Saturday, July 30, 2016

To my great grandaughter - The glass ceiling has been broken; the sky is the limit!

On June 24, I became a great-grandmother. I felt so lucky and so blessed that I was able to see the beginning of a new generation in my family. It was a rather strange feeling. It felt like a new beginning in my life and I couldn't stop smiling. As a mother in labor, you pray to see your child born. At that moment when you see your child, you see the next generation but you don't think about that. 

You don't think about generations to come, even if you are a genealogist.

And it takes years before you start to think about the possibility of grandchildren. Some moms don't want that day to come. They will be perceived as old. Some can't wait, regardless of their age. And there are ways to get around the problem of being called grandmother. You can make up a name like nana, mawma, and a hundred other things I have heard. But when the fog of birth disappears you are still grandma.

It is crazy but I don't have any friends who object to being called great-grandmother. It is like a badge of honor. 

A few days after my great-granddaughter was born I was getting ready to meet up with friends at a local Mexican restaurant. I caught my reflection in the mirror. I sure didn't look like a great grandmother. As I drove down Crissy Road on my way to Loma Lindas I thought about my own great grandmothers. Should I look like them? No way! And then I started thinking about all the differences between all of us.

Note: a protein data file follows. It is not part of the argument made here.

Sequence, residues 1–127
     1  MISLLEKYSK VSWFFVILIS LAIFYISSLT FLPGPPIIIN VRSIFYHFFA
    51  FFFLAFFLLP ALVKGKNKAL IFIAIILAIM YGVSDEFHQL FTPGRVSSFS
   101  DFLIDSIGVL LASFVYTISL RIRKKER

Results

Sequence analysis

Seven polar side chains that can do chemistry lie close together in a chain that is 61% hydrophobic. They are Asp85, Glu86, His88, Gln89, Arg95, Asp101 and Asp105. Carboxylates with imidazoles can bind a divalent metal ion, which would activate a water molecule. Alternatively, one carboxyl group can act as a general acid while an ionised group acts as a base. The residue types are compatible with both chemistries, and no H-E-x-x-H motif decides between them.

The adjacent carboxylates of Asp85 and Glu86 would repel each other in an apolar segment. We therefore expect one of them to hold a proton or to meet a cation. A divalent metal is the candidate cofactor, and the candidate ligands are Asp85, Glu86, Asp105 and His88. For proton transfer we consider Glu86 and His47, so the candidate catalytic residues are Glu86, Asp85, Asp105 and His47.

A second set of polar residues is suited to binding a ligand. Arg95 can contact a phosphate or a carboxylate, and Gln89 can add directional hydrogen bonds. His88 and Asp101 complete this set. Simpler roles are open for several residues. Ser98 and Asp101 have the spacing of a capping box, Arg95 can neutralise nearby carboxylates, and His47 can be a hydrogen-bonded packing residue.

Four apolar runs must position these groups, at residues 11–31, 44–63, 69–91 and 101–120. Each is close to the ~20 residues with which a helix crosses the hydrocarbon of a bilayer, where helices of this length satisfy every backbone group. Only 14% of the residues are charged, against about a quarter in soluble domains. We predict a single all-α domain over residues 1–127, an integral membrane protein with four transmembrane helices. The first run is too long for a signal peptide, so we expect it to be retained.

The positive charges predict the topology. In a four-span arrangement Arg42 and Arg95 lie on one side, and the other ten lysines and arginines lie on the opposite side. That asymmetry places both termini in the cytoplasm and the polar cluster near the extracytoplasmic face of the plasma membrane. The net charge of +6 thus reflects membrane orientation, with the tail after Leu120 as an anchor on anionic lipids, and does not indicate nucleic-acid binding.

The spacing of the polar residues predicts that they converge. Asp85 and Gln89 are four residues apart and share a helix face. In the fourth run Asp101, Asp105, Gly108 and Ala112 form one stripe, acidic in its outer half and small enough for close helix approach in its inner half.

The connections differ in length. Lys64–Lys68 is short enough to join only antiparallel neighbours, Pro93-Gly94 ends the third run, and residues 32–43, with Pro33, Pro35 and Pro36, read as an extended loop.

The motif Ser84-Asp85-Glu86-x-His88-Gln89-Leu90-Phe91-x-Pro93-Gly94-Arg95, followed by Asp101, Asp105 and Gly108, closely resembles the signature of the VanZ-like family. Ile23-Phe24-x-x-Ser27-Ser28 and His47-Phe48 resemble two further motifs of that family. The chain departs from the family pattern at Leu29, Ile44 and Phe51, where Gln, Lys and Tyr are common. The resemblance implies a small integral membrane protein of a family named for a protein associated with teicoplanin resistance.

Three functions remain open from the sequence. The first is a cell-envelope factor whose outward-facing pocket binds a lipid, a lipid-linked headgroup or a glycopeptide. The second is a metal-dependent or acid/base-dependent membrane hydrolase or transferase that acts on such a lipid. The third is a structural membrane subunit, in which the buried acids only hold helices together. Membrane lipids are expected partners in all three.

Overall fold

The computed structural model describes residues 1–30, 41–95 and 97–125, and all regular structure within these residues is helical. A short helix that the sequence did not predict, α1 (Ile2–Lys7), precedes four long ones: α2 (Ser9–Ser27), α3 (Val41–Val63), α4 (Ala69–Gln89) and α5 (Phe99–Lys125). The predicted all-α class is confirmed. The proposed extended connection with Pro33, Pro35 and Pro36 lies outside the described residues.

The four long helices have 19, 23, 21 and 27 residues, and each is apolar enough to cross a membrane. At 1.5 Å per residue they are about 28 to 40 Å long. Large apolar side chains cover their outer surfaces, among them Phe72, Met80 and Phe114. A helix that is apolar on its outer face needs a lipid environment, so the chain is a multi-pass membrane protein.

All of my great grandmothers wore long skirts. The had long hair. And they were all different. One was a pioneer in the Great Black Swamp. Another immigrated from Prussia. Yet another was an abolitionist and had three sons who made it home from the Civil War. The last died young and never got to see her young children live to adulthood, let alone see her own grandchildren.

And here I was off to celebrate with the girls (other grandmothers) at the local Mexican Restaurant. No horse and buggy. No restrictions. No one looking down their noses at us. 

If we wanted to we could party like it is 1999. I doubt that Grandma Perkins or Grandma Rochte could have partied like it was 1899. Although from what i have heard Grandma Rochte might have tried. She was a neat lady. 

My great grandmothers did not have the right to vote. But my great granddaughter has the right to be President of the United States of America.

End of discussion.  


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